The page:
A lethal Christmas star

There was an ugly rumour that the giant red star, Betelgeuse, that is the right shoulder (on the left as you look at it) of the constellation Orion is “about to” go supernova. The rumours seemed to have started earlier in the year when observations suggested that Betelgeuse had changed shape, a sure sign of imminent explosion. Phil Plait apparently debunked the claims on his BadAstronomy blog.

But what difference would it make to us if the star whose name is derived from the Arabic phrase “armpit of the white-belted sheep” were to explode? Could this be the worst case of Health and safety gone mad or a serious concern? Would we need sunglasses, tinfoil hat or simply resign ourselves to meeting ELE.

A physicist friend of mine suggested that Betelgeuse at (probably, about) 640 lightyears distance from earth is close enough that it going supernova would be an extinction-level event if there were a plume of gamma rays emitted in our direction. My son and his physics teacher disagree, suggesting that it’s too far away to cause anything but a bright light in the night, and perhaps daytime, sky.

Nathan Bergey was keen to point out that whether or not we should worry about a particular supernova really would depend on the distance, the type of supernova, and the direction of emissions. Wikipedia has its own interpretation, he pointed out and suggested that a 1 or 2 thousand parsecs (3000-6000 lightyears) might be a safe distance to be once the blue touchpaper were lit on any stellar neighbour.

According to a 2004 study, a gamma ray burst [from a supernova] at a distance of about 3,262 lightyears could destroy up to half of Earth’s ozone layer; the direct UV irradiation from the burst combined with additional solar UV radiation passing through the diminished ozone layer could then have potentially significant impacts on the food chain and potentially trigger a mass extinction. The authors estimate that one such burst might be expected every billion years or so.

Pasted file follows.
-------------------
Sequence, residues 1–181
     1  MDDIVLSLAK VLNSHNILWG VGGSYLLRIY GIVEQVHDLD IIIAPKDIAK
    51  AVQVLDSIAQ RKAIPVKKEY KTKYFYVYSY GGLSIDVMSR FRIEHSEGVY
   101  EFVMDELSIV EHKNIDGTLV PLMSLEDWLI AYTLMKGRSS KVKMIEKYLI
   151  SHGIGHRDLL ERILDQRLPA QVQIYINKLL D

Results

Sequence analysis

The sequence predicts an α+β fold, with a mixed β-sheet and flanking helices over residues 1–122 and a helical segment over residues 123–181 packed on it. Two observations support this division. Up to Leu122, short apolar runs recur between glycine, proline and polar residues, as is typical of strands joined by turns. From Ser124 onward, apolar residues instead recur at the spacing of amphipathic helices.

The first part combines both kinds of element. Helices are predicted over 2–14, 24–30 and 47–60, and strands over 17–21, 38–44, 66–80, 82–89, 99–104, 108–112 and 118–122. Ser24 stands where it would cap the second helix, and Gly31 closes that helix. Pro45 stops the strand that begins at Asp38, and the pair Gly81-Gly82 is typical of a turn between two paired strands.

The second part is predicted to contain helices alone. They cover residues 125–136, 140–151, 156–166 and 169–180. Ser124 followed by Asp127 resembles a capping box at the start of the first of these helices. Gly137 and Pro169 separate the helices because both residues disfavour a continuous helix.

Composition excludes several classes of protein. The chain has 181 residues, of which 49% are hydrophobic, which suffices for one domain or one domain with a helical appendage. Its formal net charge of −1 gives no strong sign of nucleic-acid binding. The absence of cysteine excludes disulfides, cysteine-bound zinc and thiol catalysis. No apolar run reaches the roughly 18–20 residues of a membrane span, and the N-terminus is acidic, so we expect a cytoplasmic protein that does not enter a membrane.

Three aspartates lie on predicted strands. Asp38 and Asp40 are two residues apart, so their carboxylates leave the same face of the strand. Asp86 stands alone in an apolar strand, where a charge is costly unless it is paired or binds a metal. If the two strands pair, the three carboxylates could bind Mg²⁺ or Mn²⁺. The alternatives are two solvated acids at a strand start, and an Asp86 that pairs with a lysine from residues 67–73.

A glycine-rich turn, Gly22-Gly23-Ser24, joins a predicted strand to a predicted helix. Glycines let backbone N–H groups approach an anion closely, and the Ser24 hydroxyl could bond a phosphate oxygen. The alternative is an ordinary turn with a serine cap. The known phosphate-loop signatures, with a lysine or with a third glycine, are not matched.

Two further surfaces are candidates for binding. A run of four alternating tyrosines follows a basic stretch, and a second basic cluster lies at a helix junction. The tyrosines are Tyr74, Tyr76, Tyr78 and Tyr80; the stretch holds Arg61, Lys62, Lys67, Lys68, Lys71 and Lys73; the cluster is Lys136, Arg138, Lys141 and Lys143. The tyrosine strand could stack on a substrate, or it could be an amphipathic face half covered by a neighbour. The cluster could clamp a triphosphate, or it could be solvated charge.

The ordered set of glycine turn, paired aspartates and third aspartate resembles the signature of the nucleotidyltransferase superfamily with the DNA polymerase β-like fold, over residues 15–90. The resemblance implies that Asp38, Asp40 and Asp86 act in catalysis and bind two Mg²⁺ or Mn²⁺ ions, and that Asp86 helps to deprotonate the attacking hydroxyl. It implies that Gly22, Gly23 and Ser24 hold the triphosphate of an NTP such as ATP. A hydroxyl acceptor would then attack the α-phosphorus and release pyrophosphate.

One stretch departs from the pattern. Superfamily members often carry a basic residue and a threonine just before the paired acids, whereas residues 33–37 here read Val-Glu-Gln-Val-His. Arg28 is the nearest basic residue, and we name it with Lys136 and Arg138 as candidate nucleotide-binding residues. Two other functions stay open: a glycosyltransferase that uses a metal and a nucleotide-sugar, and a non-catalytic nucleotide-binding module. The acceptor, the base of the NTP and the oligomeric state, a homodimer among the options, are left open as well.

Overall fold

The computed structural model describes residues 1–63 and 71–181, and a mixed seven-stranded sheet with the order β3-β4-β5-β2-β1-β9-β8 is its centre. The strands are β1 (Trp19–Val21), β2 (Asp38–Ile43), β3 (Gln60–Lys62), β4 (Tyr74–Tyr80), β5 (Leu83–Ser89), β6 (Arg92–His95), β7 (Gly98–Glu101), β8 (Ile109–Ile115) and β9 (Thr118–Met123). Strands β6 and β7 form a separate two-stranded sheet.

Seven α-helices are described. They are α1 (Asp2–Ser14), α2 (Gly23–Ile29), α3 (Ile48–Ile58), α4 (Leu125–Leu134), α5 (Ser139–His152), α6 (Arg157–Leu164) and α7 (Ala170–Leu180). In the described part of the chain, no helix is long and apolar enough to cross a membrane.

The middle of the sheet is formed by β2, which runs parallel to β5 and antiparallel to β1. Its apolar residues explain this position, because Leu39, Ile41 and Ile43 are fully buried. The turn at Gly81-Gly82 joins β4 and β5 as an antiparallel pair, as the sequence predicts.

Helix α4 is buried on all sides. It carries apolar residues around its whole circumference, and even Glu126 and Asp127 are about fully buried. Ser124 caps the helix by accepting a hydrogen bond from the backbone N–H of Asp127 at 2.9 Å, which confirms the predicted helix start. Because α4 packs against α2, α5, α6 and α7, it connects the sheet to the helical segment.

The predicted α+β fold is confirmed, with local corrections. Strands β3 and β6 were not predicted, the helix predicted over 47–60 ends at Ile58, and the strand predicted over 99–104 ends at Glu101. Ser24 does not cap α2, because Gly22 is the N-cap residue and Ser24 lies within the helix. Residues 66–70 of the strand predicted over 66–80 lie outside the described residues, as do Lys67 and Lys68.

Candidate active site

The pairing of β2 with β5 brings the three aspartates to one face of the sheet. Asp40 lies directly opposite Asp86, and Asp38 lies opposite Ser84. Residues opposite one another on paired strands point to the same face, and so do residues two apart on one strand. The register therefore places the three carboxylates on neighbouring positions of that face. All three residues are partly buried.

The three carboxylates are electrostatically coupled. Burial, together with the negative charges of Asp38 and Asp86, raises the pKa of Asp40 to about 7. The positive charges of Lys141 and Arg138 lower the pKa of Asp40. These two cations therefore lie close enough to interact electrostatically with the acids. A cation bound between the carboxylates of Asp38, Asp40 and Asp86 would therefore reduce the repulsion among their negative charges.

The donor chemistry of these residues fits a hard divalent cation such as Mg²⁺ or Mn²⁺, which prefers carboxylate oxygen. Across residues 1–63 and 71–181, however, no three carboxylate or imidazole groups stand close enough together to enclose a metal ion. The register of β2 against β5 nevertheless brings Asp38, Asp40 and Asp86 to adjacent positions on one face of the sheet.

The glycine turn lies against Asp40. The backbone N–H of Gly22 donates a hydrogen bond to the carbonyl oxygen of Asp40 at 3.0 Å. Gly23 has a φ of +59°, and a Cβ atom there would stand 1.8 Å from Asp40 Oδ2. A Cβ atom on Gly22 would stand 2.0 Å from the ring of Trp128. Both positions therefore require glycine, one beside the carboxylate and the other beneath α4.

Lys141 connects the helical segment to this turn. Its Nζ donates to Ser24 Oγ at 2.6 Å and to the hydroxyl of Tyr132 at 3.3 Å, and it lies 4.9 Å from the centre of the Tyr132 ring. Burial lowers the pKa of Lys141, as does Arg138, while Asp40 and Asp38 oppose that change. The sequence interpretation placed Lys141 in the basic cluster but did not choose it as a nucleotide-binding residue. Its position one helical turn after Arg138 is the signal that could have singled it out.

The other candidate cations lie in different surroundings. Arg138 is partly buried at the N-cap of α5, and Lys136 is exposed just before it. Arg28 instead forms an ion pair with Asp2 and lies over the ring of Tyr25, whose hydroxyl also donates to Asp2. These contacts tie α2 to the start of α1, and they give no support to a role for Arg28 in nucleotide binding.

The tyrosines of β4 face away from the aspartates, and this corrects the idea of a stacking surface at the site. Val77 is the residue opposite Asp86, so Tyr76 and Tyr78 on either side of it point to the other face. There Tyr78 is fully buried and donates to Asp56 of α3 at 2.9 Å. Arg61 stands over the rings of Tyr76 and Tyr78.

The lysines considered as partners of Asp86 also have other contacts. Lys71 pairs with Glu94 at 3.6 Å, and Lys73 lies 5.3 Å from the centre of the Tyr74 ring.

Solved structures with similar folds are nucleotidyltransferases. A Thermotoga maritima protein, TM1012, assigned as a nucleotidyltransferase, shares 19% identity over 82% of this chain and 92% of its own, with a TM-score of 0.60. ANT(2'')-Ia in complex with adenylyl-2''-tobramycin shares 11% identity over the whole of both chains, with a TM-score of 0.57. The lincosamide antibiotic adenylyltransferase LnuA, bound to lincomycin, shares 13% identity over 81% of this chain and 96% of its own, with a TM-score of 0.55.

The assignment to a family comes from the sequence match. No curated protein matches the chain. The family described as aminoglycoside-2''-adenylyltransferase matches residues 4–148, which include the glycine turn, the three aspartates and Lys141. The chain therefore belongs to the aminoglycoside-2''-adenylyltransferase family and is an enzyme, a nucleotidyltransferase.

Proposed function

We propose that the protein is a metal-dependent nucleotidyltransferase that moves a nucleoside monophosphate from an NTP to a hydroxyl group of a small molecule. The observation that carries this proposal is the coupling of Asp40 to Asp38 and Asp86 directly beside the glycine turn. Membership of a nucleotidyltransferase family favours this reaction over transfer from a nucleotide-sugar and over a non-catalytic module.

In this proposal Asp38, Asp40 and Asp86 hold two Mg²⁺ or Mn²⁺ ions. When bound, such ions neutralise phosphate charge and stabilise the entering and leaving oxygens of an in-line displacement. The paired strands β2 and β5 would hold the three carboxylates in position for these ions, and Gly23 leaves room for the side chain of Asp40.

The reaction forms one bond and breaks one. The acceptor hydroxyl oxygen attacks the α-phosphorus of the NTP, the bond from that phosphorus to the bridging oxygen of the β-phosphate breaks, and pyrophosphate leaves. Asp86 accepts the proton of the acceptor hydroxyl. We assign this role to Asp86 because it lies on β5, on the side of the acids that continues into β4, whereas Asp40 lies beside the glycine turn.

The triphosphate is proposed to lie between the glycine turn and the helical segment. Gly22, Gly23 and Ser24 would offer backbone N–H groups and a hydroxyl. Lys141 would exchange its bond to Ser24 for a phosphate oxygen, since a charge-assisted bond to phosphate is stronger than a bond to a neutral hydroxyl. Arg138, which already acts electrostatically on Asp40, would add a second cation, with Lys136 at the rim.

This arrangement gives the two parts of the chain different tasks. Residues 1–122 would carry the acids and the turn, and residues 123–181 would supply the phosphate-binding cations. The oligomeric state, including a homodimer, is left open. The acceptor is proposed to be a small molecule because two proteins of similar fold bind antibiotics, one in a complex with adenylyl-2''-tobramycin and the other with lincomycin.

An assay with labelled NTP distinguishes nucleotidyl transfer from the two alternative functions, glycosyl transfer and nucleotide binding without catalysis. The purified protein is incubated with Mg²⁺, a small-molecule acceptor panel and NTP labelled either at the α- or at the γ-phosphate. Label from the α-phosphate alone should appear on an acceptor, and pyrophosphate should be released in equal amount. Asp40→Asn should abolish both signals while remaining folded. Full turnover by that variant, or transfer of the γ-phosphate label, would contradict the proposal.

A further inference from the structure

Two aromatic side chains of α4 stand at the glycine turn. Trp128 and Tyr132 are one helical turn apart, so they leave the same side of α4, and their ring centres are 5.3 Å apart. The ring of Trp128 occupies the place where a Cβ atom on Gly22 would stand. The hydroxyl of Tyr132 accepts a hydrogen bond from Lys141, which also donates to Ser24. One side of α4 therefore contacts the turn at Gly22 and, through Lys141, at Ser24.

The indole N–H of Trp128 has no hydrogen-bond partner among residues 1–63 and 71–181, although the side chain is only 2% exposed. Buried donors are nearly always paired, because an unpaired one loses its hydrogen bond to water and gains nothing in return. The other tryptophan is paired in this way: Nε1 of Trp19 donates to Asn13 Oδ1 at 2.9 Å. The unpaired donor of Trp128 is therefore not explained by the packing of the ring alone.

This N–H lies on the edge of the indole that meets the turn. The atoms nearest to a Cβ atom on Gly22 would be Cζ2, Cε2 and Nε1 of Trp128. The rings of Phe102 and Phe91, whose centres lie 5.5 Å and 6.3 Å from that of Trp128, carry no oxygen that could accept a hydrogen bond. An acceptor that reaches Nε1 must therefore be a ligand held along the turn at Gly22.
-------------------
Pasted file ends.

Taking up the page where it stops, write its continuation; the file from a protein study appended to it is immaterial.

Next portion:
My physicist friend points out that we could easily measure the neutrino flux from the 1987 supernova SN1987A, which is 170,000 lightyears away. Radiation intensity goes with distance squared so the radiation field from Betelgeuse would be 1000 times as intense as 1987A, “it would be fun, but probably not fatal,” he concedes. “A supernova at 50 lightyears would probably be more of an issue.”

One of the problems with supernova risk assessment is that we’re not entirely sure what lies between us and the putative fireball. If there are clouds of hydrogen and cosmic dust, then lethal gamma rays will tend to undergo Compton scattering at lower energies and form electron/positron pairs at higher enegies so the intesity will tend to dissipate as the rays travel through space.

In the 1950s, public information movies warned you to duck and cover when you saw the flash from a nuclear bomb. That was never going to save your skin, but nor was a tinfoil hat. Next time you’re musing on a starry, starry night just remember to keep a good pair of sunglasses handy alongside your telescope.